Logo 1 #topThe Poor Man's Fix-it shop.[not for the proficient craftsman] . . . .Logo 2

TUMBLEWEED HANDYMAN CORNER

 
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...SECURITY
(click image to enlarge)


Shed lock

 

 


        I live in a fairly secure area. It's a gated community which has a gate anyone can get around or through. But all in all we've had few thefts until the city advertised for beggars and thieves. Our city council did a bang-up job with their advertising because our crime rate and street-corner merchants has more then doubled since I moved to this little town. Anyway, that's not what I wanted to tell you. I only told you that so I can tell you this.
    As explained elsewhere (I think), I like to experiment. And what more fun way is there to experiment than to see how safe I can make my rinky-dink possessions that few people would want (unless they ran a salvage yard). But that's not what I wanted to tell you either. Here's what I wanted to tell you: If you have some belongings you want to make little safer, here's some ideas.
    In the picture to your left you'll see the latch on the outside my tool shed. Nothing unusual, just a common, ordinary gate latch.

 

 


Inside shed lock

 

 
    The problem with these barn door latches is they're actually intended to keep the animals in the barn, and they're not actually thief proof. Here's how I made my door a little more secure, at least the cows won't get out now.

    The door itself is a hollow core door, not much good at keeping people out. How do I know it's hollow? Because I made it myself out of 2x4's and plywood.  In order to make the door a little more beefy in the middle I installed the cross member you see. And the barn door hinges I used a bolt rather than the screws they give you so it can't be unscrewed or torn off so easily.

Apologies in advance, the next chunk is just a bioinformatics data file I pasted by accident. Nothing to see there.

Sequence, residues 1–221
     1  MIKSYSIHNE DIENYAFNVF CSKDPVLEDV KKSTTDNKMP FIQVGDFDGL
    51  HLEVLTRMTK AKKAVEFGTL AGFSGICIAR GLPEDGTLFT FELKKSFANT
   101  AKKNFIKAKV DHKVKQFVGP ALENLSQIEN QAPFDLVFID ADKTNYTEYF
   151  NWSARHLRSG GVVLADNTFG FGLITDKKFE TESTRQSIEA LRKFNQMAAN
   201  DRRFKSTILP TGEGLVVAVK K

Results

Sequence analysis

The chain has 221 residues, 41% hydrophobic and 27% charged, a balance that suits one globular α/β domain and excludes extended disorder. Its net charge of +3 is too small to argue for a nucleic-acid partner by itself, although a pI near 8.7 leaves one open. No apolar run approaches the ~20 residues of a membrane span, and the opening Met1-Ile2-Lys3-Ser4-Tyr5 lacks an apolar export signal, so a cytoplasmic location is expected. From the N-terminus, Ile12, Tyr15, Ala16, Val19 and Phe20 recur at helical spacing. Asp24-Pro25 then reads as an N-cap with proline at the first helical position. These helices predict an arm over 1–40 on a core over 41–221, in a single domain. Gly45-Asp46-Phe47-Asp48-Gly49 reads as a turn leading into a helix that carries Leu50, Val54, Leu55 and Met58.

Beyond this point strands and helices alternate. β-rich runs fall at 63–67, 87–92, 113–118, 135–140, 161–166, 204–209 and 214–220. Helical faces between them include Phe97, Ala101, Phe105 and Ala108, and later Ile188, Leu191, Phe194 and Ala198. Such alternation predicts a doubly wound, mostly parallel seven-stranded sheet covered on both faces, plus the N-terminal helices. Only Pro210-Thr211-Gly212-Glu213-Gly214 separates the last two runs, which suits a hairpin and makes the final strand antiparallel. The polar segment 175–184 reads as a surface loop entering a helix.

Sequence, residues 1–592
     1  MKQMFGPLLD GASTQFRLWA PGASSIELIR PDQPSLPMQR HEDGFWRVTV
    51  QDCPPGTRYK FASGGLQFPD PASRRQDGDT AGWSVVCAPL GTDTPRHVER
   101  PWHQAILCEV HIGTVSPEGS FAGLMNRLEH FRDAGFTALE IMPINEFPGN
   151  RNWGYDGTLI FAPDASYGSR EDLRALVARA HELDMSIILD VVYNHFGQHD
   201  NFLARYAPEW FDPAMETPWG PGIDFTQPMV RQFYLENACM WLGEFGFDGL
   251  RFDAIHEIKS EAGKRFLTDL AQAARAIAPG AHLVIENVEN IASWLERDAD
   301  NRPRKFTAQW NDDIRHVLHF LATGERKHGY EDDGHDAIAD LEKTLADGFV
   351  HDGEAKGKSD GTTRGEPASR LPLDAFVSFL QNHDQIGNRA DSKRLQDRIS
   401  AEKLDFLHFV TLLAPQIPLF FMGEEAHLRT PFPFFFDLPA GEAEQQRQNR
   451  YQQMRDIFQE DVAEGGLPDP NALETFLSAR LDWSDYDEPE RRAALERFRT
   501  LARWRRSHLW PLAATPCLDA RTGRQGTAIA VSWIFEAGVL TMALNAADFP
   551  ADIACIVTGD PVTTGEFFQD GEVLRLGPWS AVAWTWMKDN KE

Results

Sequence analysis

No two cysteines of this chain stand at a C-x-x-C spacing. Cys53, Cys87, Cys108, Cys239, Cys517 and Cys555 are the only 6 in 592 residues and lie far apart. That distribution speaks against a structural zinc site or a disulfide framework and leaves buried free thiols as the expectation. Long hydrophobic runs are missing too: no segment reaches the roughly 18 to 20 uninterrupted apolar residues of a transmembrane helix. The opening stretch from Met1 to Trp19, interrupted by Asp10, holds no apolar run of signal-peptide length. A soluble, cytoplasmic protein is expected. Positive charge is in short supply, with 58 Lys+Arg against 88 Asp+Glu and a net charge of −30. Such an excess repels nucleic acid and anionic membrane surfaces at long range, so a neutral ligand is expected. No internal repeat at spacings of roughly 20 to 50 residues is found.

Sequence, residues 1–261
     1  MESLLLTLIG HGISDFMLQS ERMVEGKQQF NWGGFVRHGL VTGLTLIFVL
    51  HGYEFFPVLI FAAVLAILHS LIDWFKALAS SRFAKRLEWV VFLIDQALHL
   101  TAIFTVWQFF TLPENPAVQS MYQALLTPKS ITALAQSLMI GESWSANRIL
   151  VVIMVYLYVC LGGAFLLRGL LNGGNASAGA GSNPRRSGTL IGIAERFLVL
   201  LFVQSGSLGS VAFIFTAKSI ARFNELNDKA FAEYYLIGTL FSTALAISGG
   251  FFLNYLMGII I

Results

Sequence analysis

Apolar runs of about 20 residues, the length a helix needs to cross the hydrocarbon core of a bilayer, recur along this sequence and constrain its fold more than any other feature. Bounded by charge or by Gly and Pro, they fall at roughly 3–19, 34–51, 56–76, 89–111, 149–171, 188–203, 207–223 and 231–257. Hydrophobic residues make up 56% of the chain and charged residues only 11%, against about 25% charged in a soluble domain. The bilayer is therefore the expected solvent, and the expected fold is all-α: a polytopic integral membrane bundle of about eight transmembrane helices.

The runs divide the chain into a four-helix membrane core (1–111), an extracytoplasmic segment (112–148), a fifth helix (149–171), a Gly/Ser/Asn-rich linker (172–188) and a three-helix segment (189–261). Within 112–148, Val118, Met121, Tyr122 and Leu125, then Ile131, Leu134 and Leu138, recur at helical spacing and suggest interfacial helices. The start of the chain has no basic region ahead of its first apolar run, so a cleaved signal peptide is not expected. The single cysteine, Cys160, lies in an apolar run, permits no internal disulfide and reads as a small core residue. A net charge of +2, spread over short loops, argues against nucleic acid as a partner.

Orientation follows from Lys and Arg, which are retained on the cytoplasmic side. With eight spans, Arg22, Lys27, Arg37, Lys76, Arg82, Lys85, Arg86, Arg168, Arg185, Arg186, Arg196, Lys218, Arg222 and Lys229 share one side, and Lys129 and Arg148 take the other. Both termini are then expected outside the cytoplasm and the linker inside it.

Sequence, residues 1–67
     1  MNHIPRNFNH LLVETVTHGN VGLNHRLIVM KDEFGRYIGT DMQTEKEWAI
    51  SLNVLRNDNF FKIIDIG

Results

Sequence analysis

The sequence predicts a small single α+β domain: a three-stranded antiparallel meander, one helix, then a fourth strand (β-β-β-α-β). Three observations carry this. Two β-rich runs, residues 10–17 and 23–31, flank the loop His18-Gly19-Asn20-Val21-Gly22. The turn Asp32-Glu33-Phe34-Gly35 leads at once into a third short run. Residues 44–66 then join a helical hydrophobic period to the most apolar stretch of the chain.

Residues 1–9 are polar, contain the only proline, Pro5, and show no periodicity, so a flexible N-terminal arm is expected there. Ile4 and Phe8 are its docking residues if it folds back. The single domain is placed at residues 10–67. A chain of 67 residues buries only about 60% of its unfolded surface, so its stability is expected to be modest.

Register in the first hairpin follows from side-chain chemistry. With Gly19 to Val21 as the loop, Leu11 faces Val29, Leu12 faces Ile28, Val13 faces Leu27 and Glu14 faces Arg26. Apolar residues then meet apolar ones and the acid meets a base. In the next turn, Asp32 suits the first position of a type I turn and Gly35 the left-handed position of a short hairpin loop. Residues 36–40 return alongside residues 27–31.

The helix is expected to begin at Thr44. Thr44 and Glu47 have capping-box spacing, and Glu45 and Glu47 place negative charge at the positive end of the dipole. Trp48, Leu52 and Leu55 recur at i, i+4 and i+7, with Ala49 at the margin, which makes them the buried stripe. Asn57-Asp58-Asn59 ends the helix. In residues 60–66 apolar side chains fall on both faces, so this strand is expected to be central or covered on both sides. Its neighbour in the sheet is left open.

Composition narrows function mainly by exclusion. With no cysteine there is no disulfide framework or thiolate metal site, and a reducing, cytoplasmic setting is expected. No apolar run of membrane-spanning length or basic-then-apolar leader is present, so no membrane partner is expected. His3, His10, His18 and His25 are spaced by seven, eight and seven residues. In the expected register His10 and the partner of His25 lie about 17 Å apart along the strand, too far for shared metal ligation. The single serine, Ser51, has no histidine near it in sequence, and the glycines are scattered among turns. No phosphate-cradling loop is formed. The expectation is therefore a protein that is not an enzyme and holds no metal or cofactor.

Door filler

 


    This is the door to my office, converted from a storage shed. It had hollow doors as well, but I didn't make them, they came with the house.

    In order to strengthen the door I removed one panel, cut some 2x4's in half, and glued them to the remaining  panel. I then screwed the lumber to the panel from the outside causing the glue to adhere to the panel a little better. After reinstalling the inside panel I then had a strong door that looks like a cheap hollow core door.

 

 


Hinge block

 


    Doors aren't necessarily the weakest part of the entry way, especially if the door opens into the building as mine does.. The hinges are easily broken with a swift kick, and I didn't like the idea of my door being kicked in for some odd reason. To help prevent this I installed some thick metal strips along the inside the wall where the hinges are located, which I held on with small lag bolts rather than nails or screws.

 


Hinge bolt

 

      

    These strips of metal will help prevent illegal entry, but there's yet another thing I thought I'd try, something I read about many years ago. I drilled holes in the door and the door jamb, the holes being directly across from one another. In the door jamb hole I inserted a (I think it was) quarter inch lag bolt part way, then sawed off the head. This creates a fairly good barrier against a sudden swift kick. This set of lag bolts is attached to the tool shed door. Identical ones are on the office door.

 


Hinge bolt cropped

 

 
    Here's a closeup view of a lag bolt and hole. Not a pretty job, but somebody's got to do it.

 


Latch block

 


        A standard door latch is about as secure as a loose-lidded cookie jar. As you can see I installed a metal strip along side the locking mechanism like I did the hinges. I then installed a bolt latch which, in the now solid door, should make for pretty good security. Of course a person could kick the bottom of the door and break it open, but a gate latch at the top and the bottom of the door could help prevent that from happening. That sounds like too much trouble to protect what nobody wants. Actually I have some fairly valuable things such as tools, computer equipment and binding equipment that I keep in these locations. But only someone who knew I had them would suspect they're there. And if someone was that desperate to get them, nothing I can do would prevent them. My efforts were not as much to create security of my things as it was to practice what I thought of, and to let myself feel a little more at ease when I'm away for very long.

 
 
 
 
 

 


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